One drawback still exists. Students who wish to complete their associate's degree do have to travel to Ohio for the final three months, because regulations state that they must spend one quarter in residence at Hocking to receive a Hocking degree. Yet, the whole program only takes two years to complete. And as Collie points out, losing students for only three months beats losing them for more than two years, as CHMS did before they started their degree program.

Plus, Collie emphasizes, "We can now educate a much broader range of employees, ranging from frontline workers to management personnel, and we can offer them a real-life situation in the classroom. Our classes include cost controls, accounting and computer training. Although these sound like ordinary classes, they're specific to our needs as an all-inclusive hotel. By forming an alliance with Hocking, we didn't have to hire our own trainers; they had the professors qualified to teach these classes."

E.W. Smith, special assistant to the president for international affairs at Hocking College, expects that more corporations will be joining forces with colleges to offer degree programs. "We find that many places, including developing countries, can't send masses of employees offsite for degrees. We have to keep finding ways to bring the mountain to Mohammed, because it's becoming increasingly difficult to bring Mohammed to the mountain." In fact, Hocking College is finding that a diverse group of clients from around the globe are interested in onsite degree programs. The college's latest client is the Ministry of Health in the British Virgin Islands. In conjunction with the Ministry of Health, Hocking has developed a program to train students to become LPNs and RNs.

"Corporations need to put in quick skill-development programs that lead to degrees. We have enough lawyers, doctors and Indian chiefs. We need to mesh industrial and academic needs smoothly so that people can get the skills the corporation needs and the degrees they need," Smith says.

Interestingly enough, although it costs CHMS about $16,000 to put each employee through the degree program, these costs are not out-of-line with regular training costs per employee. Hocking offers scholarships; and trade-outs with the hotel chain reduce costs even further.

Business/education alliances benefit employees, employers and schools.
HR professionals are finding it's relatively easy to call their local colleges to arrange for special degree programs onsite. That's because colleges, like Los Angeles-based UCLA Extension—which offers onsite courses for college credit—need the new business.

"For colleges, this may be one of the few areas of growth left," says Frank Burris, UCLA's extension director of onsite programs. "And, employees everywhere are working longer and harder. So, increasingly, they just don't have as much time and energy to go offsite for schooling."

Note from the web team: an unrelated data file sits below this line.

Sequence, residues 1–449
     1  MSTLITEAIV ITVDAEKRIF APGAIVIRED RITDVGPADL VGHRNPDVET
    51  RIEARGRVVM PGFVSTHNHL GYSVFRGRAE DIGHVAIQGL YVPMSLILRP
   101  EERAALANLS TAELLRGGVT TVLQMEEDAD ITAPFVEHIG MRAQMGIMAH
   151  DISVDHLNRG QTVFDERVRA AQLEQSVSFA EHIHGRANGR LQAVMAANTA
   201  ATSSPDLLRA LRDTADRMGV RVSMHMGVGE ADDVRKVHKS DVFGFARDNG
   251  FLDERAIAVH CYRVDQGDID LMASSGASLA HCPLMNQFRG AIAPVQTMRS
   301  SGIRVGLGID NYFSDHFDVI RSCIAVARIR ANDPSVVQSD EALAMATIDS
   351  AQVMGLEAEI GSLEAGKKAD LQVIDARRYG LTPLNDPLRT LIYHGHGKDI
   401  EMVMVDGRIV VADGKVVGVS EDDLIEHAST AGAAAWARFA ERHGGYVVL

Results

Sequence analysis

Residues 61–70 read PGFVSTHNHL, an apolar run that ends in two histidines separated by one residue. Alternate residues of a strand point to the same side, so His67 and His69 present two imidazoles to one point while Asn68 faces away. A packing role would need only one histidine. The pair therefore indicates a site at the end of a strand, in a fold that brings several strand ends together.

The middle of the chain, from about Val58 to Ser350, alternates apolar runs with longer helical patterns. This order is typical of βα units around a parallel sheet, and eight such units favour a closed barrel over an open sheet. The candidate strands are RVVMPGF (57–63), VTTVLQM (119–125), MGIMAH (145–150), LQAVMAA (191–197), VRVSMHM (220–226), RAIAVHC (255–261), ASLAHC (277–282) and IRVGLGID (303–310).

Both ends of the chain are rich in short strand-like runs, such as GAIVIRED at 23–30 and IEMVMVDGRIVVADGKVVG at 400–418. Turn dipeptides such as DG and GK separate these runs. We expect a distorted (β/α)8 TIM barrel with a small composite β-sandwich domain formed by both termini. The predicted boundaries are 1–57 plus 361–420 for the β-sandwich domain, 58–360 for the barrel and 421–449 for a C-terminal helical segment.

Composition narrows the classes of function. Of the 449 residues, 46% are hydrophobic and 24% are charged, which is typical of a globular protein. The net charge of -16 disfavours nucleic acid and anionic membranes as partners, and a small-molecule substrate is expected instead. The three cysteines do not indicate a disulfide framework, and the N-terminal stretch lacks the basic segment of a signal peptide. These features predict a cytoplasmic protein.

Students concur. "I wouldn't have been able to drive all the way to UCLA to take the classes I need," says Shirley Sakaguchi, a management systems administrator with Southern California Edison, based in Rosemead, California (about 25 miles from UCLA's main campus). "It made a big difference having the courses available at my workplace during off hours, starting [right] after work."

Marilyn Altamura, marketing manager, of UCLA's extension onsite programs says tailoring college courses to meet companies' training needs is quickly becoming the norm. "For the Trans-America Life office in Los Angeles, we developed an entirely new class, because the company needed to go into specific areas of client/server applications," says Altamura. "And UCLA extension has just developed a sequence of TQM courses for Douglas Aircraft in Long Beach. We'll augment areas most relevant to real-world work needs."

There still are a few obstacles you may have to overcome.
Although more human resources departments are looking at ways to establish training programs that lead to degrees, they have a right to wonder how many obstacles really have to be overcome.

Surprisingly, there are very few. The first step is a call to a college like Rio Salado, a junior college based in Phoenix, Arizona that offers AA degrees at several major corporations. If the first college you call doesn't have the right program for your corporation, it will probably be able to refer you to another college that does.

"Businesses will hear one of three things from us," says Dr. James Van Dyke, dean at Rio Salado. "They could hear that although the training is valuable to the employee and necessary for the company, we can't make it into a college course. More likely, they might hear [our] course is very good, but there are steps that must be taken to make it eligible [to them] for college credit," adds Van Dyke. Usually, these will be resolving such issues as how performance is evaluated or how skill competency is assessed. "The third thing an employer can hear is that the college can easily tailor a course to fit the business's needs," he adds.

But there's another option. You can also certify your own trainers as college instructors. Van Dyke says it usually isn't difficult. Almost all corporate trainers already have the needed requisites: five years of related work experience or the necessary academic credentials. But, there are some subtle barriers. Both corporations and colleges must be willing to escape their usual paradigms. College courses haven't caught on at many corporate universities, because according to Van Dyke, companies have traditionally been resistant to having outside organizations evaluate their learning objectives, grading systems and documentation of student performance.

Colleges haven't received an A+ on this count either. As Van Dyke points out, "Colleges and businesses speak two very different languages. Colleges need to be much more flexible in building customized education programs for industry."

Yet, when both sides escape their traditional paradigms, they can create successful learning labs. For example, a partnership between American Express Quality University, based in Phoenix, and Rio Salado proves customized education does work.

American Express knew what a powerful benefit training classes for college credit would be. "A recent employee survey contained some hard indications of the disparity in educational levels between our frontline workers and our managers," Deb Robbins, manager of American Express Quality University, says.

This disparity is common in many corporations, with frontline workers having only high school [diplomas], while managers may have graduate degrees. "We believe that by providing training that's eligible for college credit, we could [narrow] this gap and hopefully promote more frontline workers who had real customer-contact into management positions."